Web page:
In Brief: The Bud Light Debacle Was by Design
But it’s not going according to the grand plan of the woke marketers.
Our own Douglas Andrews aptly covered Bud Light’s Toxic Brew last week. Naturally, millions of Americans are upset or infuriated by the company’s outrageous marketing decisions of late. Political analyst Brad Slager is one of them:
By now, most are aware of the overflowing controversy regarding the foremost beer brand in the nation, Bud Light. Many initially felt it was a prank when on April 1, the country’s inexplicable face of the trans movement, Dylan Mulvaney, revealed being feted by the beer brand. Mulvaney’s face is seen beaming from a printed beer can, and a few videos came out of the spokesmodel cavorting in a bathtub, displaying Dylan’s usual histrionics with Bud Light cans on a carousel in the background.
It was all real, as this new advertising partnership commemorated Mulvaney celebrating the one-year anniversary of being a woman. That such a thing is considered notable in the culture is already odd, and a famed brand attaching itself to such is even more of a departure from common sense.
Slager notes tanking sales and plummeting stock values, though he rightly notes that “it will take some time” to judge the long-term effects of that recent drop. “The question becomes,” he says, “just what was the intent of the beer label in taking this step?” Noting that Mulvaney has also enjoyed sponsor deals with apparel, makeup, and kitchen brands, which builds the question for more companies:
This is not about approval/disapproval of the trans movement or the proper levels of support this faction always demands. Please, they have quite the support already. It is notable that the trans demographic claims to be marginalized while it enjoys the backing of corporate America, the media, and all the way up to seeing support from the White House. Most people would appreciate a fraction of that kind of “marginalization.”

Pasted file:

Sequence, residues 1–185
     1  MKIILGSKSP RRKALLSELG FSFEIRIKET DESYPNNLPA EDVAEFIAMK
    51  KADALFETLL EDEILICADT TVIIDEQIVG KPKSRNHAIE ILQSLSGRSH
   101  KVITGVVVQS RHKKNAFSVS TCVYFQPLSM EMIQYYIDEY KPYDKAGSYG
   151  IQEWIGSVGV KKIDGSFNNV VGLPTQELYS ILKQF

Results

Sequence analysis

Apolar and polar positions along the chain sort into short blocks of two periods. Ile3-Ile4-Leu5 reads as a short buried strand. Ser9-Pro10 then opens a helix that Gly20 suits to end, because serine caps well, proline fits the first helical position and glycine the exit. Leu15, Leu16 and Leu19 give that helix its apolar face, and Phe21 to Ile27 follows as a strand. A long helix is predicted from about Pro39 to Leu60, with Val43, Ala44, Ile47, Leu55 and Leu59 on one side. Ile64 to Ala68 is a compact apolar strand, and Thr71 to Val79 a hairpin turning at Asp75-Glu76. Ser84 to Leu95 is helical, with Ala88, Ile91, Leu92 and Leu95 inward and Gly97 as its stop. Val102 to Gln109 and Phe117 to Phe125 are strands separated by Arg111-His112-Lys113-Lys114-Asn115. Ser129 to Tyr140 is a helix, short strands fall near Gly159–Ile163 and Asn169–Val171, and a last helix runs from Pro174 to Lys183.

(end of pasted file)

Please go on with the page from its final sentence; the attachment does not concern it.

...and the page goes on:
He delves into the comments of marketing genius Alissa Heinerscheid, the woman responsible for Bud Light’s decision to ditch its previous customer base and exactly the “fratty” mentality that “built the Bud Light name into the top-selling beer.” Slager adds:
She also hit on a reality for beer brands when she mentions attracting young drinkers. Beer, especially, is a product that sees an entrenched loyalty with established drinkers. So yes, she is correct in wanting to draw in emerging beer-drinking customers, but she is incorrect in thinking this is the proper course. It is far more likely that Bud Light is repelling more of those young, new beer drinkers than they are attracting with this Dylan Mulvaney partnership. Heinerscheid might want to decry the frat house methodology, but how many of those college chapters will now be looking for another brand to fuel their beer pong tournaments? The reality is in the numbers.
The number of adults in America described as transgender totals less than 1%. Now any marketer will tell you that you will never win over the entirety of a targeted group of customers. Even with an unknowable figure of how many trans beer drinkers will be swayed to take up Bud Light, that minute base means the final tally will be infinitesimally small. Now consider the number of dedicated drinkers to the label you have driven off in this marketing effort, and you begin to grasp the folly of it all.
It is not intolerant to suggest that this was a complete marketing misfire; there are basic demographic realities to look at. When you make Dylan Mulvaney the national face of your brand, you will receive a national response. It is not transphobic to say this was a mistake, but the move may have been profit-phobic.
Start a conversation using these share links: